And you have someone like Richard Clarke, who's one of the few I really believe. He's saying they were running around with their hair on fire telling people to do something.
But I don't buy the conspiracy theory, that a group of people in the CIA along with Mossad, the Israeli intelligence unit, made it happen. Everybody in the Middle East believes that, but I don't. I just think these guys in this current administration were so narrowly focused on getting us into Iraq and lowering our taxes that they didn't seem able to look beyond their narrow view.
My tentative conclusion because scientists can only come to tentative conclusions my tentative conclusion is that they are incompetent. They're grossly incompetent, these people in the White House.
Look at this mess they got us into in Iraq. To tell you the truth, I didn't have any problems with bombing Afghanistan. That was where the training camps were. Those hijackers were in an army. Even if they didn't have uniforms, they were in a fanatic, fundamentalist jihad army. And Afghanistan is where they were trained. The Taliban was obviously protecting them.
But to take us into Iraq in my son's name? That's just outrageous. All my research indicated that Saddam Hussein was a secularist and a nationalist. What did he have in common with Osama bin Laden, who's an Islamist and who wants a return of the medieval caliphate and who believes in Sharia law, ultra-orthodox law?
I thought going into Iraq, in the name of fighting terrorists, was an abomination. In the name of the death of my son, it didn't make any sense at all.
This administration plays fast and loose with language too. And most people are not paying attention, or they think with their emotions and not with their head. And it's tragic. Maybe it's that we haven't educated the American public well enough, that they fall for this manipulation.
Regarding Moussaoui, my own research had led me to realize that he was not implicated in 9/11. He was a member of al-Qaeda, and he was taking flight lessons. But he had nothing to do with the 9/11 enterprise.
He never spoke with the men who hijacked the planes. He did claim that he was helping to manage an al-Qaeda guest house in Afghanistan and that he saw some of them there. But he never met with them.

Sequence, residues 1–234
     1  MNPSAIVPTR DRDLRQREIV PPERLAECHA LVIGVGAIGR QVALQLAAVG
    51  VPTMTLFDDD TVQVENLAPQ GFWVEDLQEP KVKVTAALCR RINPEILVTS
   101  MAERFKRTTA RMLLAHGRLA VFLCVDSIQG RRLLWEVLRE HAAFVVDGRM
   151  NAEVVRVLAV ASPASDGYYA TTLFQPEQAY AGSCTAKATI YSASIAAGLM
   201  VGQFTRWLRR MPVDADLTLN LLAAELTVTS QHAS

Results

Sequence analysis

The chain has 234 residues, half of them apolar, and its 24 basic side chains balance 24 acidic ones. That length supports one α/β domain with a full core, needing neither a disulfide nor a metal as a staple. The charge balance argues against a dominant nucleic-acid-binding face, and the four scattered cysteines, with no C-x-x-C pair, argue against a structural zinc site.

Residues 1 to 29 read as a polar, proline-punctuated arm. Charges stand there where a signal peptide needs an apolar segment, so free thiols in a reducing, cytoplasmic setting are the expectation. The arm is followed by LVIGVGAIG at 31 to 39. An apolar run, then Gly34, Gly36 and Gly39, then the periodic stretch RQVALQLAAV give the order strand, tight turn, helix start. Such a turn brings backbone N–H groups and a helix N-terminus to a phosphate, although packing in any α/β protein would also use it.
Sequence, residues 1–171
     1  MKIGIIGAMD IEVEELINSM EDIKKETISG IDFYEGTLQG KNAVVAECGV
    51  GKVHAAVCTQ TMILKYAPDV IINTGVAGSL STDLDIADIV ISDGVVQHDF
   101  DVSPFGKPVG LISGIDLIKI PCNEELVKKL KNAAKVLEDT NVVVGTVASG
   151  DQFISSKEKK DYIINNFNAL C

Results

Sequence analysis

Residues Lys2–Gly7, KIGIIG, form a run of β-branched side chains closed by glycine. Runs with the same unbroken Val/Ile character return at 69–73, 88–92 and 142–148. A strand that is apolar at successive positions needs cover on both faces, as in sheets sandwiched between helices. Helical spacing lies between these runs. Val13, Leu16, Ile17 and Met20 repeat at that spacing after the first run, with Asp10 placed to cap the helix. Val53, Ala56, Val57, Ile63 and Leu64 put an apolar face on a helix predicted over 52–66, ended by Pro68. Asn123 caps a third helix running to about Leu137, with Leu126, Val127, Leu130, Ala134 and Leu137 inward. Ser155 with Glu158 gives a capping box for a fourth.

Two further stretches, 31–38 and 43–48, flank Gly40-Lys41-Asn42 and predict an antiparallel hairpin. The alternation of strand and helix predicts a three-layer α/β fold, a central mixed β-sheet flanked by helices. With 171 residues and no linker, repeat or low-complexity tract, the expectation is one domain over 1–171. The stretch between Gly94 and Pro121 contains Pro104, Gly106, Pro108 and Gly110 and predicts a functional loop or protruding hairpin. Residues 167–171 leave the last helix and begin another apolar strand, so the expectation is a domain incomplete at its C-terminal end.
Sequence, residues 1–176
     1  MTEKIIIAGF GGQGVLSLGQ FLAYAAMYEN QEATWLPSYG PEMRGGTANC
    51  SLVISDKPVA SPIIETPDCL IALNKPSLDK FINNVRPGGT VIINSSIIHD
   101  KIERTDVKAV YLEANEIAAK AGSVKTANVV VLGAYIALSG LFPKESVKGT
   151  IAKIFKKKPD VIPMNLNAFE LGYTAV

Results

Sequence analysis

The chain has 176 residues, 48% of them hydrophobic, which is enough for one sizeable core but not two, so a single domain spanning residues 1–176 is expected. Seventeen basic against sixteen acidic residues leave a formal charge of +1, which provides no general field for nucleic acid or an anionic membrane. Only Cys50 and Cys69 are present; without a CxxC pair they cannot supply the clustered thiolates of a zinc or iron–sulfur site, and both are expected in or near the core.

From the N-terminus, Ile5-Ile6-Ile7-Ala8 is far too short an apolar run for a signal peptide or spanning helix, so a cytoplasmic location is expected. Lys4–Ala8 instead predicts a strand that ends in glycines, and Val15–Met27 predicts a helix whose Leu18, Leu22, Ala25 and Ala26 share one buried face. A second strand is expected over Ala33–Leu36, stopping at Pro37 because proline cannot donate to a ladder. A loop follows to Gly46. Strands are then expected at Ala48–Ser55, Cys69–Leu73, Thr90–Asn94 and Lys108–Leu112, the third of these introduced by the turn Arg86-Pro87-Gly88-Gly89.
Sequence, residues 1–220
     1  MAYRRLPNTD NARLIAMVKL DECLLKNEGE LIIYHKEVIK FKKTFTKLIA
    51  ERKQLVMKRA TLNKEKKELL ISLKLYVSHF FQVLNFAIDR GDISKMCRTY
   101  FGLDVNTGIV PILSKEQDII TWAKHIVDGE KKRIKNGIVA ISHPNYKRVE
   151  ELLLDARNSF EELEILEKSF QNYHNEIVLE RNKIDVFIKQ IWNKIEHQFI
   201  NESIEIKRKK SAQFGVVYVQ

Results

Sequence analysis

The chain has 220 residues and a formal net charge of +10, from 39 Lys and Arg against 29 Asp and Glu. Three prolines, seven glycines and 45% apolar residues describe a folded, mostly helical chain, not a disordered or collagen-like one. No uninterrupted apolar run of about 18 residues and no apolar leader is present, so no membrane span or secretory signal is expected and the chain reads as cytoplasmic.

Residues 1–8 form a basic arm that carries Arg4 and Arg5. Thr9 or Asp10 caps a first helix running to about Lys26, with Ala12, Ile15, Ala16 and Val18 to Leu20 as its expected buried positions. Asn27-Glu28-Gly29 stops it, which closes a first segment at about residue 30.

As this dawned on me, I was horrified that the government was spending millions of dollars for what in essence was a sham trial. Frankly, that was my motivation for testifying. It was a crime to use the American justice system to ask for the death penalty for a man who's half demented and a marginal figure in al-Qaeda. It's just shocking, utterly shocking.
That's why I testified. I'm not any kind of saint or anything. I am not really great on forgiveness. I believe in accountability, but I don't believe in revenge and retribution.
I contacted the defense attorneys because I was interested in finding out what they were saying Moussaoui knew. And we talked, and then they asked me to testify.
In a situation like that, testifying, you feel a little nervous, a little apprehensive. I answered the questions that the defense lawyers asked. If you've ever been to a trial you know that the law is very constrained. And you have to act in certain kinds of ways.
You weren't permitted to say if you believed in the death penalty or not. And you couldn't really comment on Moussaoui. You were there to speak about the person you lost, and your reaction to their death. So I answered their questions about Josh as best I could.
They mainly focused on stories about my son. They asked me what Josh was like. Mainly questions of that nature. And they asked about my reaction, and I said my reaction was not to get caught up in a cycle of hate. And that I didn't think that would get us anywhere, and that I wasn't interested in revenge or retribution. I was interested in understanding.
You were up there for about 10 minutes, although we waited around for two-and-a-half days. I think there were 12 or 14 families who testified for the defense. We actually came from quite different places, so to speak. Some had been against the death penalty before their loved one was killed. And the death and the manner of the death didn't change their minds. They were really quite remarkable, I think.